Your 2014 tax return: refund opportunities!
Your 2014 tax return: refund opportunities!
J.C. Suurmond & zn. are Dutch tax consultants with an international perspective, serving expats in the Netherlands since 1986.
Another year has passed, and soon it will be possible to submit your 2014 tax return. This is no doubt a very important time of the year - as you need to be aware of both your tax requirements and benefits.
Many expats are a little puzzled as to how to proceed when they receive a request from the Dutch tax authorities to submit a tax return. Submitting a return in a new or foreign country is often complicated - although tax advisors can help.
Doing your tax... or not?
Depending on their work, a lot of expats do not receive an annual request from the tax authorities to submit a tax return.
Your first reaction might be, "What a relief, I don’t have to submit a tax return!" However, this response may be very short-sighted, because expats often have increased tax refund possibilities compared to "regular" Dutch taxpayers.
So, even if you have not received the aforementioned invitation, it is important to have your tax situation checked by an expert to ensure you don’t miss any refund opportunities.
One expat’s story
A prime example of such a beneficial situation occurred at our office:
A UK expat came to the Netherlands and worked for a Dutch employer for five years. He never received any tax forms to complete. This particular expat was quite happy with this arrangement, but as time went by, he preferred to seek more certainty about his tax situation. He was worried that he might receive a high tax bill after so many years, so he contacted our office.
A tax consultant worked out the most advantageous scenario and submitted tax forms retroactively for the previous five years. In the end, instead of owing additional tax, he received refunds in excess of 25.000 euros!
Although this situation sounds too good to be true, similar cases occur regularly, showing the importance and advantage of having an expert annually check your tax situation and, more specifically, your refund opportunities.
Tax and immigration
One situation in which it is likely that an expat will be entitled to a refund is at the start of your time in the Netherlands. When you have registered in a Dutch city council or town hall, the tax authorities will be informed of this and will consider your registration as immigration.
From that point forward, the tax authorities will regard you as a domestic taxpayer, implying that you have all the advantages and disadvantages of a regular Dutch taxpayer.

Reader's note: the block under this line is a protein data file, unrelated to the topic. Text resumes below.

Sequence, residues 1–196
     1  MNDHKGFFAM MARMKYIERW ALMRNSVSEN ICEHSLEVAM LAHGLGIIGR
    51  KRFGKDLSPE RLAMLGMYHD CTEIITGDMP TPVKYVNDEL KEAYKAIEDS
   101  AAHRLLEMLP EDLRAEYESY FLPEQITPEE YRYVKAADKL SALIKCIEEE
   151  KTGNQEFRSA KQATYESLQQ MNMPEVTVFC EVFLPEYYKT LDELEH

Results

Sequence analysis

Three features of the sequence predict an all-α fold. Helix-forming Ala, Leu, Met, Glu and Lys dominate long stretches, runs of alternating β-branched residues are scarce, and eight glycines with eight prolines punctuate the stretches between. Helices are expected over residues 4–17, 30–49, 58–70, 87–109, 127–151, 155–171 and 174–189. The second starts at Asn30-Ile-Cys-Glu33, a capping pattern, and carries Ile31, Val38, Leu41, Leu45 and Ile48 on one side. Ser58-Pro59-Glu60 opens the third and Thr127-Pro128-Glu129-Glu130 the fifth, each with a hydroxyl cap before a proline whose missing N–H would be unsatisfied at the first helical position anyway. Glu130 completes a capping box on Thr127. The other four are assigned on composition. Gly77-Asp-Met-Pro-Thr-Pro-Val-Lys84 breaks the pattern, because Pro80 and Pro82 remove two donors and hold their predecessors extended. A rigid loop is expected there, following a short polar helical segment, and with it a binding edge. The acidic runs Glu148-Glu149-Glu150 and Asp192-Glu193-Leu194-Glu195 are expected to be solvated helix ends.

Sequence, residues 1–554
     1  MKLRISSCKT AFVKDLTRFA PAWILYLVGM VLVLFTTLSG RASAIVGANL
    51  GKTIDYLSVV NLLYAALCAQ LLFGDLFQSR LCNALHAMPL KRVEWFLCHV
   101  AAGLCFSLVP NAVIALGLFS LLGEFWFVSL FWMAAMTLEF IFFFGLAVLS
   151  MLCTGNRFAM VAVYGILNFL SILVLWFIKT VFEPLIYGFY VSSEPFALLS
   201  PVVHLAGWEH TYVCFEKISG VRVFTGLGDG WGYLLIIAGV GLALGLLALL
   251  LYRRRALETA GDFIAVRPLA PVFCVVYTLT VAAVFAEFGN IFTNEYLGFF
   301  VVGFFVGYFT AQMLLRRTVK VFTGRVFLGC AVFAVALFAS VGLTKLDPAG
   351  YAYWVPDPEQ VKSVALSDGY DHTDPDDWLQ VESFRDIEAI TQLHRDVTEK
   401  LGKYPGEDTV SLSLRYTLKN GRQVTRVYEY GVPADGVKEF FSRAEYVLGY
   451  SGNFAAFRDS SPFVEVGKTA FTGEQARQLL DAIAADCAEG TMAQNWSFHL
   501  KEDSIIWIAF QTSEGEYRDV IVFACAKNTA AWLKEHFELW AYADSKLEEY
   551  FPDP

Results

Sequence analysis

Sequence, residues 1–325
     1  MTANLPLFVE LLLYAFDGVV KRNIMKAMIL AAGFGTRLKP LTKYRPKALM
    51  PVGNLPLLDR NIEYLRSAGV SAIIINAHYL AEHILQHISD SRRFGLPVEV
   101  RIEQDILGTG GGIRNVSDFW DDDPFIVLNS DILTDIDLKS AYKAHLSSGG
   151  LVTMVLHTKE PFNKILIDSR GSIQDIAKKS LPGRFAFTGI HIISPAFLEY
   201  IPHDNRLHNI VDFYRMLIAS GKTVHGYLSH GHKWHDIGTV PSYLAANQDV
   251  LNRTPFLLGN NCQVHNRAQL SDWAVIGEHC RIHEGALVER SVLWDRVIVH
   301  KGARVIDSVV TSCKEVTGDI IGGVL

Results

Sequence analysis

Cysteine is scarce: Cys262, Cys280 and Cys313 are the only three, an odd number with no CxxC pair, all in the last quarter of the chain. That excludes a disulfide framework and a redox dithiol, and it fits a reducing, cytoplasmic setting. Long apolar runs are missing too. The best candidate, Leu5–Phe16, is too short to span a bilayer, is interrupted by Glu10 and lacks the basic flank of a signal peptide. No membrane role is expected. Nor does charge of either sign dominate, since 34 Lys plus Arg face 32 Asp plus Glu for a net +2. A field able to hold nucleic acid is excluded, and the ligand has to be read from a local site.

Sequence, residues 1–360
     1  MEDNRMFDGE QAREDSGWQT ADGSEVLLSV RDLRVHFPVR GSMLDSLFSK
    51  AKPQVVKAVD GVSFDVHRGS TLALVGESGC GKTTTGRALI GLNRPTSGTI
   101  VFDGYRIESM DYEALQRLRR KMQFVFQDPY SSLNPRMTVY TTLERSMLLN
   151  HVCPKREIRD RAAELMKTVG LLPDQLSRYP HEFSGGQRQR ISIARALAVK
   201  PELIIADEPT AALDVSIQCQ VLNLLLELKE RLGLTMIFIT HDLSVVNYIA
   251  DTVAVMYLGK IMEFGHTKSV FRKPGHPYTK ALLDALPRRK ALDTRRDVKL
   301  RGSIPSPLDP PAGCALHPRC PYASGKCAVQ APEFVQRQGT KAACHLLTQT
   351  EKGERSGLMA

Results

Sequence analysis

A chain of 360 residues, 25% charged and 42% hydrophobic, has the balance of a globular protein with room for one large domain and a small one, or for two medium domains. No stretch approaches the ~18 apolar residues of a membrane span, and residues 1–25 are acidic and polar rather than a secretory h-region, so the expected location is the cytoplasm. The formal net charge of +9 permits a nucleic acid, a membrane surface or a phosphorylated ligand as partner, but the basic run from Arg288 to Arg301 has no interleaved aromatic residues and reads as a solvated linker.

In the year in which you immigrated a special migration tax form will be issued. This tax form is more complicated than a regular tax return as it transfers your status from non-domestic to domestic taxpayer.
Although this tax form is more complicated, it provides more opportunities for a refund.
On the other hand, in some situations it is not necessary - nor favourable - to register, for example when the duration of your stay is only several months.
Emigration and finalising tax
Another situation in which it is important to check out your refund possibilities is emigration. This process is very similar to immigration - in fact, it is the reverse situation - with equal refund opportunities.
One simple and essential piece of advice when you return to your home country or proceed to be an expat elsewhere is: deregister with the city council!
Expats regularly seem to forget this last thing when finalising matters in the Netherlands. If you do not deregister, the tax authorities will continue to view you as a domestic taxpayer, and you may miss out on the extra refund entitlements. At the town hall you will need to mention that you are leaving the country and supply a foreign address.
As mentioned above, moving country increases your refund potential. To take full advantage of any tax benefits it is important to ensure that your financial situation is correct and optimised. It is therefore recommended to contact a specialised advisor prior to taking steps towards moving.
It is possible to correct the effects of registration or deregistration, however this can take quite a while and may not always be acceptable to the inspector. Some simple, timely tax advice can make a huge difference.
Lennart Suurmond is a tax advisor at J.C. Suurmond & zn, providing tax solutions for expatriates and businesses.